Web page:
In real world industrial applications of topic modeling, the ability to capture gigantic conceptual space by learning an ultra-high dimensional topical representation, i.e., the so-called "big model", is becoming the next desideratum after enthusiasms on "big data", especially for fine-grained downstream tasks such as online advertising, where good performances are usually achieved by regression-based predictors built on millions if not billions of input features. The conventional data-parallel approach for training gigantic topic models turns out to be rather inefficient in utilizing the power of parallelism, due to the heavy dependency on a centralized image of "model". Big model size also poses another challenge on the storage, where available model size is bounded by the smallest RAM of nodes. To address these issues, we explore another type of parallelism, namely model-parallelism, which enables training of disjoint blocks of a big topic model in parallel. By integrating data-parallelism with model-parallelism, we show that dependencies between distributed elements can be handled seamlessly, achieving not only faster convergence but also an ability to tackle significantly bigger model size. We describe an architecture for model-parallel inference of LDA, and present a variant of collapsed Gibbs sampling algorithm tailored for it. Experimental results demonstrate the ability of this system to handle topic modeling with unprecedented amount of 200 billion model variables only on a low-end cluster with very limited computational resources and bandwidth.
Correlated topic modeling has been limited to small model and problem sizes due to their high computational cost and poor scaling. In this paper, we propose a new model which learns compact topic embeddings and captures topic correlations through the closeness between the topic vectors. Our method enables efficient inference in the low-dimensional embedding space, reducing previous cubic or quadratic time complexity to linear w.r.t the topic size. We further speedup variational inference with a fast sampler to exploit sparsity of topic occurrence. Extensive experiments show that our approach is capable of handling model and data scales which are several orders of magnitude larger than existing correlation results, without sacrificing modeling quality by providing competitive or superior performance in document classification and retrieval.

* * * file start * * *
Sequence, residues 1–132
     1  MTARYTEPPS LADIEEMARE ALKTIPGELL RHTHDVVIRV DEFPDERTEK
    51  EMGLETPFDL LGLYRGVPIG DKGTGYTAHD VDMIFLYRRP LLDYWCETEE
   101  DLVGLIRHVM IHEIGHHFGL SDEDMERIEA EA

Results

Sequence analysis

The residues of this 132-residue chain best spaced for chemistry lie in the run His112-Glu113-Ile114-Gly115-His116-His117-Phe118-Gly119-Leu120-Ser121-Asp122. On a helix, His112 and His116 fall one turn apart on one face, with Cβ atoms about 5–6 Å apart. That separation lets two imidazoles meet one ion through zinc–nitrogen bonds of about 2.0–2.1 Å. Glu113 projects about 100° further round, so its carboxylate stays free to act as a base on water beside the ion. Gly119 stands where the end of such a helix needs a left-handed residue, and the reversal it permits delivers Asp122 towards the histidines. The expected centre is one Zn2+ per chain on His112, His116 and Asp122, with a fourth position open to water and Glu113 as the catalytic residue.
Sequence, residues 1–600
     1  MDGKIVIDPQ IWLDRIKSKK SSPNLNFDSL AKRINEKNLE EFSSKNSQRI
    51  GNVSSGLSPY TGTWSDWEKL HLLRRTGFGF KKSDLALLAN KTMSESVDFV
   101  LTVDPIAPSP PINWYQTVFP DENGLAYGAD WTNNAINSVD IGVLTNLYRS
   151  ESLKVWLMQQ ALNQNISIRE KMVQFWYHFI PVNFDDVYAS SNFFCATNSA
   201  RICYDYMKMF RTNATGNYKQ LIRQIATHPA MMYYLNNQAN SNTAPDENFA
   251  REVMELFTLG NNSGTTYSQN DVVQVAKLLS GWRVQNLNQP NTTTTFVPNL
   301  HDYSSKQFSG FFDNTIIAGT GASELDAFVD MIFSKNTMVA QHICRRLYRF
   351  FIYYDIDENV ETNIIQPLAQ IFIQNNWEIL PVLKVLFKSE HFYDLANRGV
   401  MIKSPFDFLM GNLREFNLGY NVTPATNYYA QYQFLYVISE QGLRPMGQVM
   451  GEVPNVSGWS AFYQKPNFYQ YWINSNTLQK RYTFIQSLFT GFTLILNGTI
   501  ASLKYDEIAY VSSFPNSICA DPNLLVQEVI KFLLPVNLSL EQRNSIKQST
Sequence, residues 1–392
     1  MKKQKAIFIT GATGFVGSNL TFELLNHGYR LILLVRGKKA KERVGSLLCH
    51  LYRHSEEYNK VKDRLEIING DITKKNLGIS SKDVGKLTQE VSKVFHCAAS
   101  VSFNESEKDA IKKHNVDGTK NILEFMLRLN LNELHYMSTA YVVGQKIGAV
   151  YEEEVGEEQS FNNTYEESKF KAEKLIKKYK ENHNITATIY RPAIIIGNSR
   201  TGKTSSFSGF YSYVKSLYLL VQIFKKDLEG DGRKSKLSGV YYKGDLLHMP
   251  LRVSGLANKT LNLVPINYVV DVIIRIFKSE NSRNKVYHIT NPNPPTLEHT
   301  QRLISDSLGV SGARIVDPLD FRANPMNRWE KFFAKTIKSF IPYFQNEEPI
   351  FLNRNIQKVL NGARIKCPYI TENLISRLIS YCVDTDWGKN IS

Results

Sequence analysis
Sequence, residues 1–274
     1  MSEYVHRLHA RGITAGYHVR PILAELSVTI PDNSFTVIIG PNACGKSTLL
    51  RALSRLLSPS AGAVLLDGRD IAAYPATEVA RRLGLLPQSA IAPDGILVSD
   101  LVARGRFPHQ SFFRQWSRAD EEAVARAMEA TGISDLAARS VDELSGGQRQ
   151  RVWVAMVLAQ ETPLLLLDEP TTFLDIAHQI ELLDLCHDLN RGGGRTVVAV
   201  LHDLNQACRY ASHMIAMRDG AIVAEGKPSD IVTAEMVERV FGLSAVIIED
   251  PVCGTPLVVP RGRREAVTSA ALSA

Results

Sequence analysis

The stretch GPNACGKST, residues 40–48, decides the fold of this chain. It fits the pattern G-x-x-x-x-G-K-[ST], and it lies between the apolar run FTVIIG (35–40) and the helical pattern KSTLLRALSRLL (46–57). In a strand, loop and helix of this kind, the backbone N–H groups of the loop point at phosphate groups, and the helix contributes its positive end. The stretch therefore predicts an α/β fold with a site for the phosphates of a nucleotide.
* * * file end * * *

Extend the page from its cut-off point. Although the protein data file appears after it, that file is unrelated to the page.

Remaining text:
Recently, topic modeling has been widely used to discover the abstract topics in text corpora. Most of the existing topic models are based on the assumption of three-layer hierarchical Bayesian structure, i.e. each document is modeled as a probability distribution over topics, and each topic is a probability distribution over words. However, the assumption is not optimal. Intuitively, it's more reasonable to assume that each topic is a probability distribution over concepts, and then each concept is a probability distribution over words, i.e. adding a latent concept layer between topic layer and word layer in traditional three-layer assumption. In this paper, we verify the proposed assumption by incorporating the new assumption in two representative topic models, and obtain two novel topic models. Extensive experiments were conducted among the proposed models and corresponding baselines, and the results show that the proposed models significantly outperform the baselines in terms of case study and perplexity, which means the new assumption is more reasonable than traditional one.
This research proposes a new (old) metric for evaluating goodness of fit in topic models, the coefficient of determination, or $R^2$. Within the context of topic modeling, $R^2$ has the same interpretation that it does when used in a broader class of statistical models. Reporting $R^2$ with topic models addresses two current problems in topic modeling: a lack of standard cross-contextual evaluation metrics for topic modeling and ease of communication with lay audiences. The author proposes that $R^2$ should be reported as a standard metric when constructing topic models.